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Instrumentation of the shotcrete lining in the Canadian National Railways Tunnel, Vancouver, B.C. Mason, Robert Edward

Abstract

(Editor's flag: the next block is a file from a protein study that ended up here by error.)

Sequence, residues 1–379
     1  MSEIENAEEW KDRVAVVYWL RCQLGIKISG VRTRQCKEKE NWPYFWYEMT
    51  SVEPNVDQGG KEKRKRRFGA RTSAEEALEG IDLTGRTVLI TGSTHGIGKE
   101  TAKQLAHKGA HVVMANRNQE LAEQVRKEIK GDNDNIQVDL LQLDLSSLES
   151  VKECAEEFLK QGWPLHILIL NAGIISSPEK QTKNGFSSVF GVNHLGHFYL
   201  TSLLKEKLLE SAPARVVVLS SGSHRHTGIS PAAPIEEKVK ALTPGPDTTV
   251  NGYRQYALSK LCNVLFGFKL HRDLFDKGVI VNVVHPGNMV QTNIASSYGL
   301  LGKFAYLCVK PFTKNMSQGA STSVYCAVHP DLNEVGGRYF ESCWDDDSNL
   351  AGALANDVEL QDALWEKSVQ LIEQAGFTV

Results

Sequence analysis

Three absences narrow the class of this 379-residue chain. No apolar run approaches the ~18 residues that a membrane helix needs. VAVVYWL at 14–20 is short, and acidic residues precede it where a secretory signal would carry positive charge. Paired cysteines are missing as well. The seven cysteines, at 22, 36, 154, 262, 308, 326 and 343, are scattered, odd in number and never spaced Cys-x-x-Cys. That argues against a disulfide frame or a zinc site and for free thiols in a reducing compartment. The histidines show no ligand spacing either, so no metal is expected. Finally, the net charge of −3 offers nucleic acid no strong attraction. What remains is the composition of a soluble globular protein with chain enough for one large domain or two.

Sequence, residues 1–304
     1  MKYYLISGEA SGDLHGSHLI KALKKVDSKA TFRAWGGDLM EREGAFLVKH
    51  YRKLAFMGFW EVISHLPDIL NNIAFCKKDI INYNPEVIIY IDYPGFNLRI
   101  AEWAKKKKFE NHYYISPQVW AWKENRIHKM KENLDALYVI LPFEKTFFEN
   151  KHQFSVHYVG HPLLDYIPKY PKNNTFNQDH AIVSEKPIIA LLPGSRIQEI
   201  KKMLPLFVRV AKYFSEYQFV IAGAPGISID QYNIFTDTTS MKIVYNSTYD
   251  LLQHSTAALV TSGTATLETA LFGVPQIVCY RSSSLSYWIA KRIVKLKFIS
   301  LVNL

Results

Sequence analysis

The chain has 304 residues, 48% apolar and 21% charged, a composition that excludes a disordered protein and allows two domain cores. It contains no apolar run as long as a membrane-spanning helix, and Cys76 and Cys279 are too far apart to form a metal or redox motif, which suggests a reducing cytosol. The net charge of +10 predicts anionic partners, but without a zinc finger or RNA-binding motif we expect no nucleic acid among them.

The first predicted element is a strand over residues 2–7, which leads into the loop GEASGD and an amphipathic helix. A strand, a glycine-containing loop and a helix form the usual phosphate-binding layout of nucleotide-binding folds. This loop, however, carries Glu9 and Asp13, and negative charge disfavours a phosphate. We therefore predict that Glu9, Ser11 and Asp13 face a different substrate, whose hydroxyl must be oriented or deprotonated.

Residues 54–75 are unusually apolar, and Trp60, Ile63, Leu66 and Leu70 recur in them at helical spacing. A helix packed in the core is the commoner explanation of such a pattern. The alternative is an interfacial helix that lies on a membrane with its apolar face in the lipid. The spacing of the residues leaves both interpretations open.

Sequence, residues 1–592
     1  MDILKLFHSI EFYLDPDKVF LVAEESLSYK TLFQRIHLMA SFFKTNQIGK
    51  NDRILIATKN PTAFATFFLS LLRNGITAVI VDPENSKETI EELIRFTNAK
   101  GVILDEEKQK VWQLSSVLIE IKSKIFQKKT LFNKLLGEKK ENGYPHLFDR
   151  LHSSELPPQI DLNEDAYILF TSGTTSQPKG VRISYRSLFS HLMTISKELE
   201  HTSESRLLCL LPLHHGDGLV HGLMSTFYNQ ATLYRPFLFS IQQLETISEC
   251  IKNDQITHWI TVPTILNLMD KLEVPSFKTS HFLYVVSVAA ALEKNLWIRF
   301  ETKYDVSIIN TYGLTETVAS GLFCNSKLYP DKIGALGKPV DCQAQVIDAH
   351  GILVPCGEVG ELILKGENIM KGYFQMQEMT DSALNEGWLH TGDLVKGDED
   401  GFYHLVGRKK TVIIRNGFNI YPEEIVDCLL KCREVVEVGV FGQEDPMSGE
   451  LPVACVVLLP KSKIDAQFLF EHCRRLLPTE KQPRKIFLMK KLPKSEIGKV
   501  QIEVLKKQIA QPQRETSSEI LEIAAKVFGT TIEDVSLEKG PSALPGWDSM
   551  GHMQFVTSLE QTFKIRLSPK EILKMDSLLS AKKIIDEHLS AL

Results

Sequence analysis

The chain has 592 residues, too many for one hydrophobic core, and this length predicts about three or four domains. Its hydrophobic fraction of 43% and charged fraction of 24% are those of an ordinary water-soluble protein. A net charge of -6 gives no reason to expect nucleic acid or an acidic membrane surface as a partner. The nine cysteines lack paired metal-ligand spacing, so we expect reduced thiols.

The Canadian National Railways Tunnel in Vancouver, B. C. is the first tunnel in North America to be driven with a temporary and permanent support system of coarse-aggregate shotcrete in lieu of steel arch sets and formed concrete. In order to determine the function of the shotcrete lining and to aid in the decision to use the lining as a permanent lining, an instrumentation program was undertaken. Surface photoelastic strain gauges and imbedded hydraulic pressure cells were used to determine in situ stresses and strains. The measurements show that the lining has achieved a relative equilibrium level at three representative measurement points, and that nowhere have the measured stresses and strains been excessive, nor have they even approached allowable design values. The function of the shotcrete lining as a support system has been shown to differ from that attained by steel arch supports. The use of shotcrete for support of the Canadian National Railways tunnel resulted in considerable economic savings.

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